Chocolate-Cherry Sourdough Bread
This recipe for sourdough bread comes from Francisco Migoya and Nathan Myhrvold, who wrote "Modernist Bread" (The Cooking Lab, 2017). It requires an active sourdough starter and plenty of time (about 20 hours) to allow the dough to develop and proof, though very little of that time is hands-on. Rich with tart dried cherries and dark chocolate chips, and gently bitter from the coffee and cocoa powder, the complex, tangy bread is somewhere between sweet and savory, ideal as is or spread with a little salted butter. Since the dough is dark to begin with, use a thermometer to test if it's done, and make sure you allow it to cool completely before slicing it open.
- Serves: 8 persons
- 1heaped teaspoon/8 grams instant dry yeast
- ¾cup/185 grams warm water
- 1cup plus 1 tablespoon/230 grams liquid sourdough starter (see recipe)
- 1 ⅔cups/225 grams bread flour, plus extra for dusting
- ¼cup/30 grams cocoa powder
- 1tablespoon/15 grams espresso or very strongly brewed coffee
- 1 ⅛teaspoon/7 grams fine salt
- Canola oil (or other neutral oil), for greasing
- 1cup/160 grams dark chocolate chips
- 1generous cup/160 grams dried cherries
Step 1In a wide mixing bowl, whisk together the yeast and water and allow the yeast to bloom, about 1 minute. Whisk the sourdough starter into the mixture until dissolved, then add the flour, cocoa powder and coffee. Use a dough scraper to stir the ingredients into a shaggy mass. Cover with plastic wrap and set aside for 20 minutes, then add the salt, incorporating it well. Transfer to a lightly oiled plastic container and cover with plastic wrap; it will be sticky.
Step 2Rest dough for 30 minutes, then lightly oil hands to fold: Pull one edge of the dough up and press it down into the center of the ball; repeat with the 3 other edges of the dough, then cover dough. In 30 minutes, repeat the folding, this time incorporating the chocolate chips and cherries. Repeat the folding every half-hour, for a total of 6 folds. Check for gluten development: Pinch a piece of dough between your fingers and stretch it. It should stretch out to a thin, transparent membrane before tearing. If not, repeat folding and check again.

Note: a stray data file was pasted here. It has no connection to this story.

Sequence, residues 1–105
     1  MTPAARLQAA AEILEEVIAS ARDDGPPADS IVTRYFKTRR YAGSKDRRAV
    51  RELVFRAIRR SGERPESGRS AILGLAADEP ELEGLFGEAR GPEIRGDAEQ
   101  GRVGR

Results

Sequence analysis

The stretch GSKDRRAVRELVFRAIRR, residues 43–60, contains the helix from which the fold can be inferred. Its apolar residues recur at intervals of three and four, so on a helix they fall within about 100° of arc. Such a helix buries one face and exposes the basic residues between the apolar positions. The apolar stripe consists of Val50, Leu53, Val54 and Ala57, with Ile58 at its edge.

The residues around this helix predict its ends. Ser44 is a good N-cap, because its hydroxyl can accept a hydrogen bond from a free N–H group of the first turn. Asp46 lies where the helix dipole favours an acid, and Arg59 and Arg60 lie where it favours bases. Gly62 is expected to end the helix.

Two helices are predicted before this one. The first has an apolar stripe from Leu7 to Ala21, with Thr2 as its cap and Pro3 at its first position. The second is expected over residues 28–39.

Step 3Turn the bread out onto a lightly floured surface and use hands to gently tuck the edges up toward the center of the dough, then flip the dough over so it’s seam-side down, and gently round with your hands. Cover with plastic wrap and rest dough for 20 minutes, then tuck edges down toward the seam, to shape dough into a tighter ball. Cover with plastic wrap and rest for 10 minutes. Transfer to a flour-dusted wicker breadbasket, seam side up, pinching the seam shut if necessary. Wrap basket with plastic wrap, or slide the basket into a clean plastic bag, closing it. Proof at about 55 degrees, or in the refrigerator, for 14 to 16 hours, until dough has increased in size, and springs back slightly to the touch.
Step 4When you’re ready to bake, remove the dough from the refrigerator and transfer it, smooth side up, to a large cast-iron pot (with a lid) lined with a round of parchment paper. Be careful not to over-handle dough and lose air bubbles. Cover and bring to room temperature for 1 to 2 hours. Position a baking rack in the center of the oven and heat to 500 degrees. Using a razor or fine, sharp knife blade, score a cross on the top of dough, making a fast, clean cut about 1/8- to 1/4-inch deep.
Step 5Bake covered for 33 minutes. Remove lid and bake for another 10 minutes, cracking open the oven door for the last 5 minutes. Push a thermometer into the bread dough; it should read 195 to 200 degrees for cooked bread. Transfer bread to a cooling rack, carefully remove the paper, and allow to cool completely at room temperature before cutting open.